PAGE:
Right from the opening scene, the latest Indiana Jones adventure keeps the audience on the edge of their seats, taking them on a journey filled with pulse-pounding excitement, intriguing mysteries and unforgettable characters. In fact, the film opens with a 20-minute long spectacular train sequence set in the background of World War II. Fifth in the thrill-filled series, Dr Henry Jones (nicknamed Indy or Indiana), an archaeologist professor, continues to once again enthral and entertain with gravity-defying stunts and his unbeatable wit.
Originally conceived by director Steven Spielberg and created for the screen by George Lucas, it is now more than four decades since Raiders of the Lost Ark (1981) became a smash hit and introduced the character Indiana Jones (played by actor Harrison Ford). This unforgettable super-hit was followed by The Temple of Doom (1984), The Last Crusade (1989), The Kingdom of the Crystal Skull (2008) and now The Dial of Destiny.
The earlier four films were directed by Steven Spielberg but The Dial of Destiny is directed by James Mangold, who has jointly written the screenplay with Jez Butterworth, David Koepp and John-Henry Butterworth, and carries Spielberg’s vision forward expertly.
The film is co-produced by Lucas Films and Walt Disney Pictures and premiered as an official selection at the 76th Festival de Cannes on 23 March.
The plot sees Indiana Jones retrieving an ancient artefact known as Antikythera, and not letting the Nazis get the better of him. With a time-machine element, the story takes a fresh twist. At the onset, Dr Jones, who is on the verge of retirement, is served divorce papers. Enter his goddaughter, Helena (ably enacted by Phoebe Waller-Bridge) who teams up with him to battle against a German Nazi-turned-NASA scientist, Jurgen Voller (played by Bond villain Mads Mikkelsen), and stop him from changing the course of history by going back in time.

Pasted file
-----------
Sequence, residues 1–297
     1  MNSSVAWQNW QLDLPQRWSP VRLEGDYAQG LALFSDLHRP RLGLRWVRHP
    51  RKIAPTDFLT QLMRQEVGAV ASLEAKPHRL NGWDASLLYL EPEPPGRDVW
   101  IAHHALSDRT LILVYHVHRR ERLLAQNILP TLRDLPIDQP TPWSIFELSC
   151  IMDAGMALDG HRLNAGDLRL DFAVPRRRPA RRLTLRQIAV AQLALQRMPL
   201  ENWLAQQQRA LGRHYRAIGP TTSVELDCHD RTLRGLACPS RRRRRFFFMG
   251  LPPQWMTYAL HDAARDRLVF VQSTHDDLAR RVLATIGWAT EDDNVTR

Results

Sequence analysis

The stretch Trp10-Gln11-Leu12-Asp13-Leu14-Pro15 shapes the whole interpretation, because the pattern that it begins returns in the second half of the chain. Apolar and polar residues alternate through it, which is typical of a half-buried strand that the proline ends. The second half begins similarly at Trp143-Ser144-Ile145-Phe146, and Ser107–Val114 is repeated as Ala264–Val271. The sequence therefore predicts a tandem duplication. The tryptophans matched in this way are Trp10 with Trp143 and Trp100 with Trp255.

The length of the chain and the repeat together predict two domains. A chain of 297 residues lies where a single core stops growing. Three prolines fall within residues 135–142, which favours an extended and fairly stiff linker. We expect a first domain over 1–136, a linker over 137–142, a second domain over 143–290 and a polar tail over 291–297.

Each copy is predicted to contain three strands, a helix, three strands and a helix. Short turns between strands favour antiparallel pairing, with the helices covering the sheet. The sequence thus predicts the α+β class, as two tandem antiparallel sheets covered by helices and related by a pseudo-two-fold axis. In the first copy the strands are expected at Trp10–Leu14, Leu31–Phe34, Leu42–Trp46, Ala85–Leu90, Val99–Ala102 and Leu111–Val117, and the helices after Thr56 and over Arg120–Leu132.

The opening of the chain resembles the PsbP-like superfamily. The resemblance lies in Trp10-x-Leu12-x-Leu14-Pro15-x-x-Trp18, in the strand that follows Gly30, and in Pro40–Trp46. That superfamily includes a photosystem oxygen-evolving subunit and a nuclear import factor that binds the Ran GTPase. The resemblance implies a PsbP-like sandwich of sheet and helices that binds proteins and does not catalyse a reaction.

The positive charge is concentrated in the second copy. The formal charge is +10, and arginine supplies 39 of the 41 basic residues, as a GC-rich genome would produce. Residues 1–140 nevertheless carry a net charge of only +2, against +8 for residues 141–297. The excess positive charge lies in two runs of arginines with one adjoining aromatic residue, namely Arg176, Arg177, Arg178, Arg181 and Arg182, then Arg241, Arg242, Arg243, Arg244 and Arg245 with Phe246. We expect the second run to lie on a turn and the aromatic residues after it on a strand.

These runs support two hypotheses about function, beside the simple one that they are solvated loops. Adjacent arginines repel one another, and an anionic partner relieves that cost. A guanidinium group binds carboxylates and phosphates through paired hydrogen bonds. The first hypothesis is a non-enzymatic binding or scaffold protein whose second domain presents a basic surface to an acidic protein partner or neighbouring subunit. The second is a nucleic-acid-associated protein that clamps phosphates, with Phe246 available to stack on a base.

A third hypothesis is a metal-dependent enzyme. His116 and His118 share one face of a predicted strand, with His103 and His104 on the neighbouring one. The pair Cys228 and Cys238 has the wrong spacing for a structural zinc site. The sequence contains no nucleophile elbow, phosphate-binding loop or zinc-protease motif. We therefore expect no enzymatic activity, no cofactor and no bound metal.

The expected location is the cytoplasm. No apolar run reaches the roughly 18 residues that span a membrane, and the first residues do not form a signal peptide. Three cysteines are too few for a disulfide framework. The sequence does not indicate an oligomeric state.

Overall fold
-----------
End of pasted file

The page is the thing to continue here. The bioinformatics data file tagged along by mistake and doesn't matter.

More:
The best part of every Indiana Jones film is not just the story; the action and humour make it a fun watch. The slick cinematography and the unforgettable musical score are the other highlights of the film. With his wonderful score, John Williams reconnects viewers with the classy Indiana Jones theme music. Williams has done it once again, proving that old is indeed gold, considering the composer is 91 years old. Ford, too (despite looking like a senior citizen rather than a typical action hero), continues his legacy as Indiana Jones with aplomb.
The special effects enhance the entire adventure experience, while the stunts and chase sequences speak highly of the talented teamwork that has gone into making this sequel a success. Travelling between 1944 and 1969, Indiana Jones and the Dial of Destiny is a tale of age, time and family relationships that measure up to the classics that preceded it.
Satish Bhatia is a freelance producer, director and cinematographer for various national and international channels. He has won several awards including the Lifetime Achievement Award from Western India Cinematographers Association.